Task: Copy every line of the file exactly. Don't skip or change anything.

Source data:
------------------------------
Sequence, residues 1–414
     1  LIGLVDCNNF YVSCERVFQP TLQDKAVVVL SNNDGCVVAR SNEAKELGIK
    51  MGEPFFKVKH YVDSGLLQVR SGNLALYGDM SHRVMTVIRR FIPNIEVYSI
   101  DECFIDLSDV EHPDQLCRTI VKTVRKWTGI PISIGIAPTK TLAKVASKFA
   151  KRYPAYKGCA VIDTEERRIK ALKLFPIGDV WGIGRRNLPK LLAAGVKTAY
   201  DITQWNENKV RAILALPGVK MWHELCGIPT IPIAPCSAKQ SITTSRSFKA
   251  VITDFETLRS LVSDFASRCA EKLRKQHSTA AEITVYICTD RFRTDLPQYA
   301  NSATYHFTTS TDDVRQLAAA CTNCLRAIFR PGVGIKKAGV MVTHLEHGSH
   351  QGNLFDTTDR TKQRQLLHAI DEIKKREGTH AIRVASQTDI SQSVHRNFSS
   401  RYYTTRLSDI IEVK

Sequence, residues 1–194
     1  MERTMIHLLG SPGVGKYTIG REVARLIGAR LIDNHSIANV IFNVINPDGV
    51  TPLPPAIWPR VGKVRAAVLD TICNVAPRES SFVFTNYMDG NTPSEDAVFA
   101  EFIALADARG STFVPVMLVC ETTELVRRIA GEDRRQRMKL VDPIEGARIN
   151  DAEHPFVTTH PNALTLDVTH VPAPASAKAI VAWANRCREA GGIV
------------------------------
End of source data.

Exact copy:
Sequence, residues 1–414
     1  LIGLVDCNNF YVSCERVFQP TLQDKAVVVL SNNDGCVVAR SNEAKELGIK
    51  MGEPFFKVKH YVDSGLLQVR SGNLALYGDM SHRVMTVIRR FIPNIEVYSI
   101  DECFIDLSDV EHPDQLCRTI VKTVRKWTGI PISIGIAPTK TLAKVASKFA
   151  KRYPAYKGCA VIDTEERRIK ALKLFPIGDV WGIGRRNLPK LLAAGVKTAY
   201  DITQWNENKV RAILALPGVK MWHELCGIPT IPIAPCSAKQ SITTSRSFKA
   251  VITDFETLRS LVSDFASRCA EKLRKQHSTA AEITVYICTD RFRTDLPQYA
   301  NSATYHFTTS TDDVRQLAAA CTNCLRAIFR PGVGIKKAGV MVTHLEHGSH
   351  QGNLFDTTDR TKQRQLLHAI DEIKKREGTH AIRVASQTDI SQSVHRNFSS
   401  RYYTTRLSDI IEVK

Sequence, residues 1–194
     1  MERTMIHLLG SPGVGKYTIG REVARLIGAR LIDNHSIANV IFNVINPDGV
    51  TPLPPAIWPR VGKVRAAVLD TICNVAPRES SFVFTNYMDG NTPSEDAVFA
   101  EFIALADARG STFVPVMLVC ETTELVRRIA GEDRRQRMKL VDPIEGARIN
   151  DAEHPFVTTH PNALTLDVTH VPAPASAKAI VAWANRCREA GGIV